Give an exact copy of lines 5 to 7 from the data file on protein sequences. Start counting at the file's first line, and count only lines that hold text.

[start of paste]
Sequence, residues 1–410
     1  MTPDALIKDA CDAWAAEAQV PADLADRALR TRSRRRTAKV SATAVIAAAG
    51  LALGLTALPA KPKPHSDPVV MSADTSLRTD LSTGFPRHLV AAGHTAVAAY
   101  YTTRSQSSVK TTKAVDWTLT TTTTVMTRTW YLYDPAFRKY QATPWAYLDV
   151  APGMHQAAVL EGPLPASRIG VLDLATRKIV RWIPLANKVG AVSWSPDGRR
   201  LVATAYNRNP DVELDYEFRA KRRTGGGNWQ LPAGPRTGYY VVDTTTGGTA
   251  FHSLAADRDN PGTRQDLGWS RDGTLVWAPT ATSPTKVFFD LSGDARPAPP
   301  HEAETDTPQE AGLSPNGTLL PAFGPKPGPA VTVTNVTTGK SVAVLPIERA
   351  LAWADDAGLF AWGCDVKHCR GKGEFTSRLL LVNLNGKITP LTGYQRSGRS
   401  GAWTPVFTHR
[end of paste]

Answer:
   151  APGMHQAAVL EGPLPASRIG VLDLATRKIV RWIPLANKVG AVSWSPDGRR
   201  LVATAYNRNP DVELDYEFRA KRRTGGGNWQ LPAGPRTGYY VVDTTTGGTA
   251  FHSLAADRDN PGTRQDLGWS RDGTLVWAPT ATSPTKVFFD LSGDARPAPP